Population genetics structure of wild and domesticated African catfish (Clarias gariepinus) in Victoria and Albertine Drainage Basins

Abstract: 
Wildlife capture fisheries have declined tremendously due to overfishing resulting from high demand. Aquaculture is a viable option to meet this demand. The African catfish (Clarias gariepinus) is one of the major species cultured in several fish farms in Uganda. However, this catfish domestication has been done without knowledge on the genetic characteristics of this fish. Indeed profiling the genetic integrity of C. gariepinus populations on farms and in the wild would enable the establishment of potential source of broodstock within Albertine and Victoria drainage basins for optimum performance. In this study, genetic diversity, differentiation and demographic history and evolutionary relationships of wild and domesticated C. gariepinus were determined. Caudal fins from 180 catfish individuals were collected from four fish farms, Victoria wild (lakes Wamala and Victoria and River Rwizi) and Albertine wild (lakes Albert, Edward and George). They were sequenced for partial mitochondrial DNA control region. The mtDNA control region revealed 45 haplotypes in 68 polymorphic sites, two distinct groupings (i.e., Albertine and Victoria groups) and a relatively high overall genetic diversity. Apart from Kabeihura fish farm (h =0.222), a generally high genetic diversity was observed among Albertine wild (L. George (h=0.935), L. Edward (h=0.958) and L. Albert (h=1.000)), Victoria wild (L. Wamala (h=0.742) and R. Rwizi (h=0.600)) fish farms (POCIFF (h=0.897), KFF (h=0.800) and SIFFA (h=0.756)) C. gariepinus strains. No significant genetic differentiation was observed between Victoria wild and Albertine wild indicative of events of the late Pleistocene. Similarly, no significant genetic differentiation between Victoria wild and fish farm strains showing that all broodstock for farms included in this study were most likely obtained from Lake Victoria. The results from this study indicate that most domesticated fish are not genetically depauperate and further reveal that fish farmers pick brood stock from other farms and the wild irrespective of the locality basin. Our results provide a guideline and basis for genetic considerations while sourcing and locating broodstock in aquaculture enterprises for improving fish production.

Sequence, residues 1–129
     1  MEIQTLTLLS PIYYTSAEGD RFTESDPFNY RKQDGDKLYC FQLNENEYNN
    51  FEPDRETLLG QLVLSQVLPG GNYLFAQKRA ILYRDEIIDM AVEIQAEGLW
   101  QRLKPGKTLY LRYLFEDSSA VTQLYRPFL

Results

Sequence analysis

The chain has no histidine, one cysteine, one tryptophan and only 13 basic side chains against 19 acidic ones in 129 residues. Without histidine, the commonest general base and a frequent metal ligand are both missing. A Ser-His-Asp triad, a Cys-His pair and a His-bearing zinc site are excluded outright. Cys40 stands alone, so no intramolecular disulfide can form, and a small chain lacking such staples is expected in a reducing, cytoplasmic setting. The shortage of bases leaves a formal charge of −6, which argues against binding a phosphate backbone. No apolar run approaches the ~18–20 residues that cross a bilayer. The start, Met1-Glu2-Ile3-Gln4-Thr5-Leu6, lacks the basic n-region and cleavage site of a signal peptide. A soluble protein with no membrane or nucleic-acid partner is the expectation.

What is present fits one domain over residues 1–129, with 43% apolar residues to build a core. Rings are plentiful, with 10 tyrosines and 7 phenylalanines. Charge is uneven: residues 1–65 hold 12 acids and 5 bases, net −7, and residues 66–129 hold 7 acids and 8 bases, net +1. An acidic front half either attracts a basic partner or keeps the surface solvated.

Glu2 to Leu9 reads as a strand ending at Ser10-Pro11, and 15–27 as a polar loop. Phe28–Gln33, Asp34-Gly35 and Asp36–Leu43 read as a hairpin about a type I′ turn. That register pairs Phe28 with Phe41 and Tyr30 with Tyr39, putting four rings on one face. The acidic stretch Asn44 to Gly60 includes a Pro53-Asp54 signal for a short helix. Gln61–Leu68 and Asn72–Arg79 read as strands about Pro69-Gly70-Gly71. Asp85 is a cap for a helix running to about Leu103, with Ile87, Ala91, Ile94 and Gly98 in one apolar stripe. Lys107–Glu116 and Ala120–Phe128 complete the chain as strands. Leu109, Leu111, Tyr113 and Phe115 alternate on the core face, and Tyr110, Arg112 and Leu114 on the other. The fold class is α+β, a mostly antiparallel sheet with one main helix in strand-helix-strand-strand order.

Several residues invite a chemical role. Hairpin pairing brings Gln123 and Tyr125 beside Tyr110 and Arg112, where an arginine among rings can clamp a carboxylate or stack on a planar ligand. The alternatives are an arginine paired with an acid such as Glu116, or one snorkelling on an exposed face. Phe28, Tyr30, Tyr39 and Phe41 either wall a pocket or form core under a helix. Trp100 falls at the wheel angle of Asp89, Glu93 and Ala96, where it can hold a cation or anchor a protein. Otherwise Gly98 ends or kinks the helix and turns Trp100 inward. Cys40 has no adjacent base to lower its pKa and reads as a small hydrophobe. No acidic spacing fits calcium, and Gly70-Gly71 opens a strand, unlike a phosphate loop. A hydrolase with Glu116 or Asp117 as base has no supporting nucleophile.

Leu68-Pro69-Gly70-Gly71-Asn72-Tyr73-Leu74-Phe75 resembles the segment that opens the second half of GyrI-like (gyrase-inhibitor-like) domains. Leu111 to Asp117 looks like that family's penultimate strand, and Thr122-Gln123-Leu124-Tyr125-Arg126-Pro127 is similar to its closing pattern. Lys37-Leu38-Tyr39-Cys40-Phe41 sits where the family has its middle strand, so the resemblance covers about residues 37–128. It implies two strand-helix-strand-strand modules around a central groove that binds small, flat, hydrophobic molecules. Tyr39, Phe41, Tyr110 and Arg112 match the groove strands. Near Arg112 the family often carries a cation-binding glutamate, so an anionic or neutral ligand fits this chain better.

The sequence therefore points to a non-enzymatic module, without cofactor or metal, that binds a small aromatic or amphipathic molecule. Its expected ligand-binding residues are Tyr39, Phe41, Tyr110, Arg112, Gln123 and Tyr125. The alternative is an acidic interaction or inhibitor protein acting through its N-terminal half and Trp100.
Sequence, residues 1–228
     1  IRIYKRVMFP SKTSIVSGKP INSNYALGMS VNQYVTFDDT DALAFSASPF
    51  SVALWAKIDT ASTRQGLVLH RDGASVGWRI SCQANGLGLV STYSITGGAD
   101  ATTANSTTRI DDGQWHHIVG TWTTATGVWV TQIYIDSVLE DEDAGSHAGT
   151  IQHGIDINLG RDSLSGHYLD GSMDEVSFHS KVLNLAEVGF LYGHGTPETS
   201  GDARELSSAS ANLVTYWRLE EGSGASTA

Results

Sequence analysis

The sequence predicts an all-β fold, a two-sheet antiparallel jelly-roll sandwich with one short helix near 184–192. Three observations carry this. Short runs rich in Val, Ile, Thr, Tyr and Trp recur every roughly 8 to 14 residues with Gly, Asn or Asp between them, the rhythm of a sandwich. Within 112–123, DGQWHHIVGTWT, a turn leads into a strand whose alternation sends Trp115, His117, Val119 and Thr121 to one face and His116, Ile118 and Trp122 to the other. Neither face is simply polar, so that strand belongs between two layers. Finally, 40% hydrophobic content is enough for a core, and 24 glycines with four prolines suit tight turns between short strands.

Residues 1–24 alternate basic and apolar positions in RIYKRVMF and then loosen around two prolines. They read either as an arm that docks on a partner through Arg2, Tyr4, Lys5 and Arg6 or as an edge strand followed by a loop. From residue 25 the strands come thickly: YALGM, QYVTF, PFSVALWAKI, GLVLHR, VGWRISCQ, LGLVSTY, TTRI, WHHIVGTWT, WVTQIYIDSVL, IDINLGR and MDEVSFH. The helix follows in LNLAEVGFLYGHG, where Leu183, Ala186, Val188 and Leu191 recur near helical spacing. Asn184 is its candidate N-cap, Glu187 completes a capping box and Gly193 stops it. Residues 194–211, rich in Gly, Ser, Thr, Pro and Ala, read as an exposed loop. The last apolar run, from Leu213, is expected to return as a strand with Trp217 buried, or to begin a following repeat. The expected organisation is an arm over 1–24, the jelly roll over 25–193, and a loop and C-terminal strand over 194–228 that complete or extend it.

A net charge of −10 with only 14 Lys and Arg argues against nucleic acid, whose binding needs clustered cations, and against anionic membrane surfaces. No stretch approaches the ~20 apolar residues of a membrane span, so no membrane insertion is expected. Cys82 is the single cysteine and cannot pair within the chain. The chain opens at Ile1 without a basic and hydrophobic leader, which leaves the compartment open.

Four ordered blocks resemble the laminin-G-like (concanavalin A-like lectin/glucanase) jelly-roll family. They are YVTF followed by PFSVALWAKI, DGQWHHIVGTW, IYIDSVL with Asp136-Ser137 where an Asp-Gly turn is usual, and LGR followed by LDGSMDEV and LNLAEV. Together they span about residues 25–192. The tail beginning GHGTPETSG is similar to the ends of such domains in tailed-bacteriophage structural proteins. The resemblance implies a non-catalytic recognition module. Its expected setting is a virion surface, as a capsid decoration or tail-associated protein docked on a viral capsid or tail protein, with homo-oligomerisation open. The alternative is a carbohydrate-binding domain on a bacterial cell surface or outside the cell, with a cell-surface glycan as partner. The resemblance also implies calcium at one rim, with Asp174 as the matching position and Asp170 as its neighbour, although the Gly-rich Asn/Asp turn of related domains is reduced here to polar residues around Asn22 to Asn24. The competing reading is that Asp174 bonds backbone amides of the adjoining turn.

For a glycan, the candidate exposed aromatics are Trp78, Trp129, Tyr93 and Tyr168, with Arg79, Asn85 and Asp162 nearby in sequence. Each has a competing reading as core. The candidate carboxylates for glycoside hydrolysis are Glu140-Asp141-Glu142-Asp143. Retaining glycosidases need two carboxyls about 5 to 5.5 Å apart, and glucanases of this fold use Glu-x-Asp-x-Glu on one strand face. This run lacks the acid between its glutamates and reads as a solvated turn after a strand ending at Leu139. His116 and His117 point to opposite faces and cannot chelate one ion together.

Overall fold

Language: 
Date of publication: 
2015
Country: 
Region Focus: 
East Africa
Author/Editor(s): 
University/affiliation: 
Collection: 
RUFORUM Theses and Dissertations
Licence conditions: 
Open Access
Access restriction: 
Supervisor: 
Charles Masembe (PhD) and Vincent Muwanika (PhD).
Form: 
Printed resource
Extent: 
x,53
Notes: 

Msc. Thesis in Zoology.